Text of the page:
A Guest Post by Shannon Garvey, one of our inspiring Team DDY Bethesda Teachers.

How many times during a practice do we say these words: “Step your right foot forward”? What we are really asking of our students is not just to step forward on their mats, but to move forward in their lives. This fall marks fifteen years that I have been teaching yoga. I have led classes at small gyms, huge athletic centers, universities, and traditional yoga studios. I have witnessed the power of the practice and how it can and will change people’s lives.

It may seem drastic to make such a claim, and I know as a science teacher myself, evidence should back up my words. The evidence is that people come back to their mats again and again. The man in the back of the room who lost a loved one last year; the mother who needs the strength to lift her son in and out of a wheelchair; the student who is stressed about what she is going to do after graduation; the ones who come on their birthdays or engagements to celebrate; the ones who come when they are angry about the state of the world or the state of their lives.

Down Dog offers a safe place where students can bring themselves to their mats, hold on to what they need, and let go of what they don’t want. It is in a way like washing our dirty dishes; We have to get the gunk off of them after each meal, so we give them a scrub or send them through the dishwasher, because tomorrow we need to eat off them again. This practice is like getting rid of whatever is weighing us down. As yoga teachers, we assist our students in this process.

I sometimes hear before class, one student telling another, “I’ll feel great when this is over.” I respond by asking them to enjoy the practice now. It’s a practice of being fully alive in the experience, living the ups and downs (physically and emotionally), the laughing, crying, sweating, breathing like you have never breathed before kind of feeling. It is the prize in the process we all like to preach as teachers. I am reminded of this when I get overwhelmed in my own life and my husband tells me to, “Do it joyfully, Shannon!”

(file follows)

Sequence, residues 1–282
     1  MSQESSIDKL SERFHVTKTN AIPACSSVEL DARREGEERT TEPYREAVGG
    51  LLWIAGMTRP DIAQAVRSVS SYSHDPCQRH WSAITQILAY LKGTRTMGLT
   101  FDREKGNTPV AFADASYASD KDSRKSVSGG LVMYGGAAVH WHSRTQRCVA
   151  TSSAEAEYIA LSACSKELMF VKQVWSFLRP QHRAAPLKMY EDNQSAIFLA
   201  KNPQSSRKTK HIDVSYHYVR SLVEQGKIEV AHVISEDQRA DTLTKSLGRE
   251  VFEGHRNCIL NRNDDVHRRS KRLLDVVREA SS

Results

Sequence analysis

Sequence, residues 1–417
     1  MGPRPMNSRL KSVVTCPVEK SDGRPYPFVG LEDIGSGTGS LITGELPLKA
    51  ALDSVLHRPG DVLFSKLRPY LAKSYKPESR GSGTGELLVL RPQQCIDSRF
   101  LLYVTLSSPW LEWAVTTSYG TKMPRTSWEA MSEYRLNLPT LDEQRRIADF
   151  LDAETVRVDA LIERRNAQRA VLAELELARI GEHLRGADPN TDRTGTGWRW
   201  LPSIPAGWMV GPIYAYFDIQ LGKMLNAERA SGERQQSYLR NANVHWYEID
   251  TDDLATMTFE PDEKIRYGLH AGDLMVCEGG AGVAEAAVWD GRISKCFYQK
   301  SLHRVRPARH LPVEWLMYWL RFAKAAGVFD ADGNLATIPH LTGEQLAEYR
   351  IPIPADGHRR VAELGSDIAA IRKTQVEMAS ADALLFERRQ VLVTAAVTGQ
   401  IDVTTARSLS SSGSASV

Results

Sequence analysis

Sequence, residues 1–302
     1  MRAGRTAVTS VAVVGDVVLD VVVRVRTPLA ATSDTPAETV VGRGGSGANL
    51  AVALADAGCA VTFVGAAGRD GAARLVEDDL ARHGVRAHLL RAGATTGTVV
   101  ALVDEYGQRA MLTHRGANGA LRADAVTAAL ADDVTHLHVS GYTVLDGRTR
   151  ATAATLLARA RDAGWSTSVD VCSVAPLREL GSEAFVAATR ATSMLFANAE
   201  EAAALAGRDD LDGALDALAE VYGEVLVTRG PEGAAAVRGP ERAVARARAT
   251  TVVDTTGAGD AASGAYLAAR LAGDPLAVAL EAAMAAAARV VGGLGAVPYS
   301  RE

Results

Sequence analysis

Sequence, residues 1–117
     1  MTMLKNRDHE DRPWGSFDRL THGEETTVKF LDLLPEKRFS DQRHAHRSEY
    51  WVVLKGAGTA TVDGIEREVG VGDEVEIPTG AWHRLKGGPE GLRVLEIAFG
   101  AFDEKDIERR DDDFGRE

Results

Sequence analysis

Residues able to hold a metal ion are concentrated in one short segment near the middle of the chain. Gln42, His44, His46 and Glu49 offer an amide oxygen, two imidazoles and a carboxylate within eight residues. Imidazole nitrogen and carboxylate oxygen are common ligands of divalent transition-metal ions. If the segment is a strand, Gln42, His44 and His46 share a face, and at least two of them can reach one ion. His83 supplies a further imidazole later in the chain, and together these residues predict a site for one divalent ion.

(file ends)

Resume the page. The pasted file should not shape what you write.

I truly believe this works.

We can help our students to experience joy by leading them through the practice, looking them in the eyes, and holding them accountable for their actions. That is what makes them sweat more than any cranking of the thermostat or replacement of a heating system. We inspire our students to be in it, whether “it” is the practice on their mats, or in their own lives.

Yoga teaches us all to love what it right in front of us right now.

As teachers, we are called to love the people who show up in our classes. They are right in front of us!

There is routine in this practice, as there is in our daily lives.

LOVE the routine we get up to in the morning, the making of the coffee and the brushing of teeth, the feeding of our children and getting them ready for school and daycare. LOVE the sun series, and the drive to work. LOVE the long holds in warrior two, and the challenging project from a boss.

Sometimes it is not easy to do that fifth wheel or the late commute, but it is always worth it.

I teach at DDY because this is what it has taught me: to love my practice and my life.

Down Dog has given me the opportunity for continual growth in my teaching, the forward moving energy that keeps my classes going, and right foot stepping up. That is why I am here. That is why I stay with “what is.” Because “what is” is a good thing; it is Down Dog Yoga.

With love,

Shannon Garvey